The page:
[QODLink]
Archive
Profile: Al Sharpton
A controversial New York preacher and civil rights activist, the Reverend Al Sharpton is the most unlikely of the main Democrat contenders.
Last Modified: 21 Jan 2004 05:06 GMT
The New York preacher (C) is widely seen as a radical firebrand
A controversial New York preacher and civil rights activist, the Reverend Al Sharpton is the most unlikely of the main Democrat contenders.

Pushing a strongly liberal-left agenda, Sharpton has earned popularity for his fiery defence of ethnic minorities, especially blacks and Latinos, and notoriety for his outspoken attacks on powerful white interests.

Sharpton stands to do well in places like Washington DC (whose district he wants to make a state), and other heavily black areas. And his stand on jobs, healthcare, education and the environment has appeal for those on the liberal left.

But his reputation as a radical firebrand – and the obstacles any black candidate faces in a white-dominated political system – doom him as an also-ran.

Curriculum vitae

Al Sharpton was born in New York in 1954. In a religious career that set off like catapulted cardinal, young Al was preaching from the age of four and became an ordained minister aged just nine.

Sharpton developed an interest in social issues as a teenager, and was the youth director of Reverend Jesse Jackson's Operation Breadbasket from 1969 to 1971. He founded the National Youth Movement (later the United African Movement) in the early 1970s, an organisation aiming to fight drugs and raise money for deprived youths.

Alfred Charles Sharpton

Age: 48 
Religion: Pentecostal
Spouse: Kathy Jordan
Current post: None
Military record: None. (Too young for Vietnam war)

But he varied his time by working as soul singer James Brown's touring manager from 1973 until the 1980s, and as a youth organiser for notorious boxing promoter Don King from the late 1970s to the early 1980s.

His championing of black defendants in high profile racial assault cases in the 1980s brought Sharpton national attention – and controversy, notably when he backed black teenager Tawana Brawley's hoax claim that she was raped by a white gang.

Sharpton has shown more persistence than success on the political stage. He ran for the New York state Senate in 1978, for the national Senate in 1992 and 1994, and tried to become New York mayor in 1997.

His popularity surged in September 1999, when he led multi-ethnic rallies after the police killing of West African immigrant Amadou Diallo, boosting his profile nationally.

Political agenda

Socially liberal (pro-abortion, pro-gay marriage, anti-death penalty), Sharpton is a firmly on the left of his party.

Off the wall: Sharpton (L) has
promoted blacks in all industries

He would repeal the Bush tax cuts and put the money towards universal healthcare, expanding education access and enhancing environmental protection. He wants to spend $250 million creating new jobs.

He called the anti-terrorist Patriot Act "an absolute assault on the civil liberties of all people in this country" and criticised racial profiling suffered by Arab and Muslim Americans.

Iraq war

Sharpton has been highly critical of the war and questioned White House claims of an Iraqi threat. “If you can find the weapons before the war, how come you can't reveal the weapons now?” he demanded.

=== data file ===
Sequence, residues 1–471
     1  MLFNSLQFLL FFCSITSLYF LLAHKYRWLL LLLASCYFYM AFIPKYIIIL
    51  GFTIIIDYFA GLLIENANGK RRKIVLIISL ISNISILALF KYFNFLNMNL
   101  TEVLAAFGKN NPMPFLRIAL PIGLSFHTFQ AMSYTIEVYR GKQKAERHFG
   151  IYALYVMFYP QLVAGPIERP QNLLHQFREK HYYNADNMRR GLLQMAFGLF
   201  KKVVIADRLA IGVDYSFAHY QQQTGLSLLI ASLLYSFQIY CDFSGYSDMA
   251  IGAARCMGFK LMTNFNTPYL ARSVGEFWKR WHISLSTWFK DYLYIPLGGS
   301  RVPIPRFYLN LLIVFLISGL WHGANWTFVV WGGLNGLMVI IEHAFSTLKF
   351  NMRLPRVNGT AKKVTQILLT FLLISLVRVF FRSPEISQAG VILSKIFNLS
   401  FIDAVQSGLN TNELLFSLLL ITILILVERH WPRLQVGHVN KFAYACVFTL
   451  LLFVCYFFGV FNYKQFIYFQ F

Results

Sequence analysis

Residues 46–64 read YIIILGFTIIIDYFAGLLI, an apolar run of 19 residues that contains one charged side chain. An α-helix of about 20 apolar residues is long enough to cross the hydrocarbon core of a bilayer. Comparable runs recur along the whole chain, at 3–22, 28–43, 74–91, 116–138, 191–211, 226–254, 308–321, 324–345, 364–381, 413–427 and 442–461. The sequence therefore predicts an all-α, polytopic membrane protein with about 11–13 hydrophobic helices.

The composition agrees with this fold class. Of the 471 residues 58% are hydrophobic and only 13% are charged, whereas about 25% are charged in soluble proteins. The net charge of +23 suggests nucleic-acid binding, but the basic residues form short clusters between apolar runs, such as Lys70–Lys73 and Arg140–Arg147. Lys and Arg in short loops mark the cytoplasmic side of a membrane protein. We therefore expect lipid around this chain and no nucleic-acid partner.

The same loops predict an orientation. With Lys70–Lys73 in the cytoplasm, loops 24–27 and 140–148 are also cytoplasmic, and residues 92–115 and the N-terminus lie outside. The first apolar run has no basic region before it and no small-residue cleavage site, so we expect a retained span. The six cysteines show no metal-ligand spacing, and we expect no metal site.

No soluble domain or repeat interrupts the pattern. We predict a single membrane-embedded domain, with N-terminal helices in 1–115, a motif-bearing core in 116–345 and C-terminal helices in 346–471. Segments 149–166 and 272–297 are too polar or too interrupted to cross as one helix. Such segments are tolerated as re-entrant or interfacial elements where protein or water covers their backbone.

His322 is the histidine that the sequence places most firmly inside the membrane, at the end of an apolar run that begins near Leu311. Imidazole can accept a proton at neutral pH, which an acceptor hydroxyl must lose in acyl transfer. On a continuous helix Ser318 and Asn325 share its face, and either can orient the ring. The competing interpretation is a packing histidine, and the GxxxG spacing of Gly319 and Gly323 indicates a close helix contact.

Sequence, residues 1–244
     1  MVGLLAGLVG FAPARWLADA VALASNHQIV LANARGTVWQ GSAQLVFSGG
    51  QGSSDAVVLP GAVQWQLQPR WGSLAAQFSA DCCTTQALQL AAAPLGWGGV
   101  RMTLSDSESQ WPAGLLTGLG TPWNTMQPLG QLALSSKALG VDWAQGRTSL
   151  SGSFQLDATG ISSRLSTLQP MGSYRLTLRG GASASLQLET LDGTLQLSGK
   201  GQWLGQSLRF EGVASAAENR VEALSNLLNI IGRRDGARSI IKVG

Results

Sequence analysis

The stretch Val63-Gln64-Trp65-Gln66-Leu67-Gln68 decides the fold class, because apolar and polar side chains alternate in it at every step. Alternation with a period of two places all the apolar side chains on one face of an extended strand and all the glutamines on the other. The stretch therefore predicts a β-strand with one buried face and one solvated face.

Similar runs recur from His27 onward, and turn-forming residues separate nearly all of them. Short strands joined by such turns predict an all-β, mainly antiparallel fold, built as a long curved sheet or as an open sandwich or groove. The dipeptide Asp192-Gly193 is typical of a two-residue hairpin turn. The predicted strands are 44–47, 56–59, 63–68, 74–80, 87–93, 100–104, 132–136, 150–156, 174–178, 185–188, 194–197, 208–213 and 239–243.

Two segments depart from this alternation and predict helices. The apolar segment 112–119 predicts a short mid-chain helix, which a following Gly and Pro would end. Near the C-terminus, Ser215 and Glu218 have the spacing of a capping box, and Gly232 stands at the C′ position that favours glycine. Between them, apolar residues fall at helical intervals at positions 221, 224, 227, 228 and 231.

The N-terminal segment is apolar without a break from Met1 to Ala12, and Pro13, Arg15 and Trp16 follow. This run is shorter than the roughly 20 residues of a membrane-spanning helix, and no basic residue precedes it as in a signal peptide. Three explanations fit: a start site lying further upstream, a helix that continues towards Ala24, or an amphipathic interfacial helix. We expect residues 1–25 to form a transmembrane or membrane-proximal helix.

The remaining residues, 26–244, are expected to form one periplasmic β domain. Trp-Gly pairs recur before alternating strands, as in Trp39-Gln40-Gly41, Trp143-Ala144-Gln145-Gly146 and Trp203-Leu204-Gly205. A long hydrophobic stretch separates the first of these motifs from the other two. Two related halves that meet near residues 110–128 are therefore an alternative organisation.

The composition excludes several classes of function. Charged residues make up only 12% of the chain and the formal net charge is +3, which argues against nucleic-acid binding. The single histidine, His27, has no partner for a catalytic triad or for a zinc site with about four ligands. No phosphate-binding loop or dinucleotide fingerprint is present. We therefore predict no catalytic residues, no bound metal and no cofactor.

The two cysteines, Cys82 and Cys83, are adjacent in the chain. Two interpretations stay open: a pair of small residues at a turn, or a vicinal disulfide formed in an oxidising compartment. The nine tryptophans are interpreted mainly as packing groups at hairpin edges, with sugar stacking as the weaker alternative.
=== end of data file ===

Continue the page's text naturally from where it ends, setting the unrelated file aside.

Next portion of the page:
Foreign affairs

An advocate of multilateral cooperation, Sharpton wants a more consistent foreign policy, saying the US often tolerates some brutal dictatorships while applying pressure on minor offenders. He would lift sanctions from Cuba.

He opposes many free trade agreements like NAFTA, saying they sacrifice workers' rights and the environment, and argues for "fair trade" agreements.

He says the US should take a more balanced approach to the question of Palestine and to "engage in a real relationship with allies in the Arab world". But he wants an investigation of Saudi Arabia's ties to the Bush administration.

Supporters say

"Someone who will be an active voice about issues of concern to African American business people."
- Robert Johnson, billionaire cable television mogul

Critics say

"A professional troublemaker accused of not paying his taxes and found guilty of defaming innocent public officials."
- Robert Novak, syndicated columnist

Sharpton is seen by many as an unrepentant rabble-rouser whose past is too dodgy for him to be electable. He had to pay $65,000 in defamation costs for accusing a New York prosecutor of raping Tawana Brawley. He also failed to file a tax return in 1986 and has been jailed for past protests.

Source:
Aljazeera
Topics in this article
People
Featured on Al Jazeera
Italy struggles to deal with growing flood of migrants willing to risk their lives to reach the nearest European shores.
Israel's Operation Protective Edge is the third major offensive on the Gaza Strip in six years.
Muslims and Arabs in the US say they face discrimination in many areas of life, 13 years after the 9/11 attacks.
At one UN site alone, approximately four children below the age of five are dying each day.
Featured
Amid vote audit and horse-trading, politicians of all hues agree a compromise is needed to avoid political instability.
Part of the joint accord aimed at ending the political impasse establishes an independent National Election Commission.
Rights groups say the US prosecution of terrorism cases targets Muslims and are fraught with abuses.
Local painters forgo experimentation to cater to growing number of foreign buyers.
Cyprus is a tax haven and has long attracted wealthy Russians, but it could become a European energy hub.
join our mailing list